– Monoandale
    Jul 24 '19 at 0:43
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    Then work happily with them and try to share your expertise on the matter. Of course they may not reach "your level" but you can surely make them improve to the point they become more effective and profitable for the company.
    – DarkCygnus
    Jul 24 '19 at 6:03
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Maybe stop downplaying and insulting your colleagues and instead embrace their interest and self-motivation to become experts. You weren't born with your current level of experience and knowledge and neither was anybody else. At some point in your career someone said "This kid has no experience but he's interested and enthusiastic. I'm going to give him a chance.". Do the same with your colleagues.

If everyone had the attitude toward people less experienced and knowledgeable that you seem to have then none of us would have jobs, yourself included, because nobody would have ever given us an opportunity.

Frankly, and not to put too fine a point on it, I find your attitude toward your colleagues a bit repugnant. I hope that my initial reaction is wrong and that you don't mean to be as condescending toward your colleague as your question would imply.

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  • So, if you are hiring Senior Developers it's OK to bring in junior developers, give them treatment and responsibilities of Senior Developers and let others fix their mistakes? Because this is not about "giving a chance", this is about unqualified staff which is working on meaningless tasks, and whose headcounts would be badly needed to bring in actual "Senior Developers".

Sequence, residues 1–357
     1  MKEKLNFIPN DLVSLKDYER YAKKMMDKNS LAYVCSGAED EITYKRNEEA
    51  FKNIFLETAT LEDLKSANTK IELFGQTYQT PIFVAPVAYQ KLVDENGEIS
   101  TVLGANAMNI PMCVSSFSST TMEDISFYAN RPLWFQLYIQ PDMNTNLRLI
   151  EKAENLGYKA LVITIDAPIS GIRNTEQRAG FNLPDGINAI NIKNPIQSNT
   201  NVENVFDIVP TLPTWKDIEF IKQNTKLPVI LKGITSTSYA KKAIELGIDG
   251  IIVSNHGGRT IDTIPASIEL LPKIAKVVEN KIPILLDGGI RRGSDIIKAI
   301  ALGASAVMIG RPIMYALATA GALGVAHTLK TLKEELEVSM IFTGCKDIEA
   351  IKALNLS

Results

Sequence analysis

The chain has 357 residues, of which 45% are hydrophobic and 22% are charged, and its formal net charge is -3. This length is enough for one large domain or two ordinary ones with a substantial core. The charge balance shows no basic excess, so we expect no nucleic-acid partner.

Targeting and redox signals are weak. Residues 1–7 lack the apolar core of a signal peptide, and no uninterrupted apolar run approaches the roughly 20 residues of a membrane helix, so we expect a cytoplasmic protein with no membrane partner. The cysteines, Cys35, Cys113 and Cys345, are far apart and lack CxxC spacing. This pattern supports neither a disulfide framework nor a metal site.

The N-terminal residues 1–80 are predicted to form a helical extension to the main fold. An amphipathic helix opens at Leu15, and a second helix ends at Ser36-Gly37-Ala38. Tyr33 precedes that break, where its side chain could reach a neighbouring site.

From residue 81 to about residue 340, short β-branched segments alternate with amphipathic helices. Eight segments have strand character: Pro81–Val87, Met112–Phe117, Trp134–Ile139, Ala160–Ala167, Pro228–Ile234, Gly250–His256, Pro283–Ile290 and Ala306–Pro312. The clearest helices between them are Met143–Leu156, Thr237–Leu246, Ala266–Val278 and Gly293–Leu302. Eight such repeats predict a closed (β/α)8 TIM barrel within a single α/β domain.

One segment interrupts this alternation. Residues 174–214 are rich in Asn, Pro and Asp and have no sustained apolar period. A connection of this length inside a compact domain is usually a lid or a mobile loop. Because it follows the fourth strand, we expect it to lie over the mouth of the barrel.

– Monoandale
    Jul 24 '19 at 0:44
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    @Monoandale if you want senior developers, but have junior developers, then yes, the thing to do is work with them and help them learn, not insult them.
    – Player One
    Jul 24 '19 at 1:22
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    @Monoandale in your question you stated that these people are incumbents and have moved into these positions due to their "gaining an interest". That's quite a bit different than what you're implying in your comment to my answer. Were these people hired as Senior Developers as you seem to be implying in your comment or are they incumbents who moved into these positions as you stated in your question?
    – joeqwerty
    Jul 24 '19 at 1:56
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My question is: to bring expertise in a new technological field in a company, should one join as senior manager, or is middle management still acceptable?

In this context your question is ambiguous, what company do you mean? Do you mean the company you are working for or changing jobs and working for a totally different one?

It's impossible for us to know what level of management you need to be at in your current company to make a decision on change and equally other companies with different management structures will probably have their own processes and policies on this.

Going by the derisory way you've described your colleagues, maybe it's your own self-important attitude has something to do with people not taking you seriously.